Dweezil Zappa: Making Poppa Proud at Culture Room

The Dweez in 2007.EXPAND
The Dweez in 2007.
"Dweezil" by Björn Söderqvist from Taastrup, Denmark - Dweezil Zappa. Licensed under CC BY-SA 2.0 via Commons - https://commons.wikimedia.org/wiki/File:Dweezil.jpg#/media/File:Dweezil.jpg

For most kids, the idea of emulating their dad sounds about as appealing as having a tooth pulled — without the benefit of novocaine. But if your father was Frank Zappa, one of the most prolific musicians of all time, you might recognize that there’s a legacy to live up to. That’s the case with Dweezil Zappa, a man who’s spent most of his life in the shadows of his famous father.

Not that they played music together a lot. Growing up, he played onstage with his dad’s band a few times, and they’d only occasionally play at the house. Still, his dad’s music made an indelible impression on him and instilled a responsibility to introduce it to a new generation that might not have heard it when the elder Zappa — who died of prostate cancer in 1993 — was still alive. After his father’s death, Dweezil immersed himself in his dad’s music for two years, retooled his approach to playing guitar, put a band together, and rehearsed the material for two and a half months before taking the group out on the road.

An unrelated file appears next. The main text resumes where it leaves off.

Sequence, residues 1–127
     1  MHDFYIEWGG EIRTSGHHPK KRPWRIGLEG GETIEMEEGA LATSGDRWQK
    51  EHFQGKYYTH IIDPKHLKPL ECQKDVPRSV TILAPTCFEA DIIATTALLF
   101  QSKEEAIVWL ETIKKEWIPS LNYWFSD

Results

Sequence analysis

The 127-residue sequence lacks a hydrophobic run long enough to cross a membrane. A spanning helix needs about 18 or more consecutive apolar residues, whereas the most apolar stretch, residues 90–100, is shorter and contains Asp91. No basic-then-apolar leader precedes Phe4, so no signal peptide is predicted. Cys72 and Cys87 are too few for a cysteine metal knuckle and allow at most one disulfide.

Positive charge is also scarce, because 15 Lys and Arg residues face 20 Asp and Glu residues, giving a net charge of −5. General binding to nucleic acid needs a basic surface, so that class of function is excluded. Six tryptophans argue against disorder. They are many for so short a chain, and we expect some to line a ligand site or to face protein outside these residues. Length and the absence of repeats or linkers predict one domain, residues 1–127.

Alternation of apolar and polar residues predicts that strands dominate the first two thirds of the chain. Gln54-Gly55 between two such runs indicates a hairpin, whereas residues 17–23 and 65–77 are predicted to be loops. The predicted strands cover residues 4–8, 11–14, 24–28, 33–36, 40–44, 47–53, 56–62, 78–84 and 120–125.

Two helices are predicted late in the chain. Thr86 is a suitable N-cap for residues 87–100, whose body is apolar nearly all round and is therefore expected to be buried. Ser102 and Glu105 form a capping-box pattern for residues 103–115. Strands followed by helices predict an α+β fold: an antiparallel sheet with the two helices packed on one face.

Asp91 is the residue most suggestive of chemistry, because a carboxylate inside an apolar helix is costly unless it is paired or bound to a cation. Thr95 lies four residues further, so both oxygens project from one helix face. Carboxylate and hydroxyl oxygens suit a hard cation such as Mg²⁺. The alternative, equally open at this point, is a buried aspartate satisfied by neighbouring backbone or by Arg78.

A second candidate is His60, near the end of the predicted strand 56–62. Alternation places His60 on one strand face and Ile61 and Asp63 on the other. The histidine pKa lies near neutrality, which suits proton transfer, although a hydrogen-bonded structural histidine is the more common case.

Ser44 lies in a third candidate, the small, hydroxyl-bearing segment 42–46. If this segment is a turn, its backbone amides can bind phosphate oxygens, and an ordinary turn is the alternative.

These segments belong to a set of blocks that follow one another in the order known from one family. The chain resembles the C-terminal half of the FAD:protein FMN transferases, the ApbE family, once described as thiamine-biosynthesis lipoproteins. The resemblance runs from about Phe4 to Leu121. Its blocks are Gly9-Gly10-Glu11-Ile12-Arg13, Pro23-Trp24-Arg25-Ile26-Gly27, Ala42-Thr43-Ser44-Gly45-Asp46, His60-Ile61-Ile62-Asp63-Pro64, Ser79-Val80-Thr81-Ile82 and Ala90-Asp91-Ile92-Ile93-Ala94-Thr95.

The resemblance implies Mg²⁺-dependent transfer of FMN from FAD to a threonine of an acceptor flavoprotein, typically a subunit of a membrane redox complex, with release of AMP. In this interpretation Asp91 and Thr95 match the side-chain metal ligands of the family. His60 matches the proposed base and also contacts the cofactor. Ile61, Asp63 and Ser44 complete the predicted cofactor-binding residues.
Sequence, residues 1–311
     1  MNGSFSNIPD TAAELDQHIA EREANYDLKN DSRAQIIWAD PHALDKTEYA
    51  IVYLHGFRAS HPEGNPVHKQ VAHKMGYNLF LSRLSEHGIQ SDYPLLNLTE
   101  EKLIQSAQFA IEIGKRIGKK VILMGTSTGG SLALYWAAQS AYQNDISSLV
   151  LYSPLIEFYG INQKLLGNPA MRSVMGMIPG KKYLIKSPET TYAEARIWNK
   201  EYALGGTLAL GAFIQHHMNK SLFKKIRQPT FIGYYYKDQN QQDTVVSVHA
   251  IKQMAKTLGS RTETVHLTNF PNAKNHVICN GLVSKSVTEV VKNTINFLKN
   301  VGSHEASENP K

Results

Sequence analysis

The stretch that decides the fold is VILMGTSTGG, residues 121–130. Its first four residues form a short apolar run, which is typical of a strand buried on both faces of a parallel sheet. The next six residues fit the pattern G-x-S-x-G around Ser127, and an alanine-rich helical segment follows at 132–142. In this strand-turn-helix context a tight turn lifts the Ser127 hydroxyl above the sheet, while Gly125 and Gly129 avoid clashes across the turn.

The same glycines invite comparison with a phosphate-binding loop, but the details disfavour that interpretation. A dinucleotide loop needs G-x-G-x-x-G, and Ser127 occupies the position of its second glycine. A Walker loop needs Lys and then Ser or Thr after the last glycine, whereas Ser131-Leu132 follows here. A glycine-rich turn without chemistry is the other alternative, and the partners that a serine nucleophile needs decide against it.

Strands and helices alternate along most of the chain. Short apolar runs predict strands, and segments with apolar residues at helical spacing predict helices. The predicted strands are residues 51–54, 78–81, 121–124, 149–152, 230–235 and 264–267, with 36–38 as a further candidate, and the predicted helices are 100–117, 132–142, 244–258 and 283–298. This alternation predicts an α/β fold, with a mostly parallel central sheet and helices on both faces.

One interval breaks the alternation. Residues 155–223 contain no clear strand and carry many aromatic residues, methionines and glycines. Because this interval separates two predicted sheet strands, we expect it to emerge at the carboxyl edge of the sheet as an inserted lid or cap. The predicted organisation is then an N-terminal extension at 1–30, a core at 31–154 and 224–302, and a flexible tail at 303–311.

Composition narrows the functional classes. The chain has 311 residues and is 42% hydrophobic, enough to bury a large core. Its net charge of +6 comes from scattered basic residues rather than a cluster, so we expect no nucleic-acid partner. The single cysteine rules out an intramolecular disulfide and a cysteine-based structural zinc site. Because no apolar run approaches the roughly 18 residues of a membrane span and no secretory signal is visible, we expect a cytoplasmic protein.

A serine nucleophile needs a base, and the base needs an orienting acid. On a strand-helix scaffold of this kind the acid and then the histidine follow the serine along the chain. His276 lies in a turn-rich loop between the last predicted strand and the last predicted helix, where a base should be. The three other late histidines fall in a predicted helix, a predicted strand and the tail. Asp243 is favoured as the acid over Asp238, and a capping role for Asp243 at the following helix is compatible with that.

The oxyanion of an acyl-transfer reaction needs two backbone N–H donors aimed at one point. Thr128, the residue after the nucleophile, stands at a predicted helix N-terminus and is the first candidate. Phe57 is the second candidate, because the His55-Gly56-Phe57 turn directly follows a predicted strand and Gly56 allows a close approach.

“It was a huge challenge for me to try to learn to emulate his playing,” he says. “Our similarities are small as far as technique goes. He played in a way that was natural to him but totally unnatural to others. My technique is more fundamental. I have more of a heavy rock edge to my playing, and he had more of a legitimate old-school blues background. In the last ten years, I’ve adapted and learned to guide my playing based on my dad’s principles.”

From the beginning, Zappa says he’s been on a mission to keep his father’s music — which jumps from rock to jazz to classical to areas that defy categorization — alive and relevant to the younger audiences that come to his concerts.

“I wanted a younger generation to discover that my father’s music is not nostalgia or novelty music,” he says. “It’s music from the future that is largely undiscovered and underappreciated. There is stuff in his catalog that is 50 years old and is still ahead of its time as far as songwriting and production goes. So it is very gratifying when people show their appreciation for our efforts. Like all of my dad’s music, there’s still nothing that sounds like it.” 

Zappa Plays Zappa: 7:30 p.m. Thursday, September 10, at the Culture Room, 3045 N. Federal Highway, Fort Lauderdale. Tickets cost $28. Visit ticketmaster.com.


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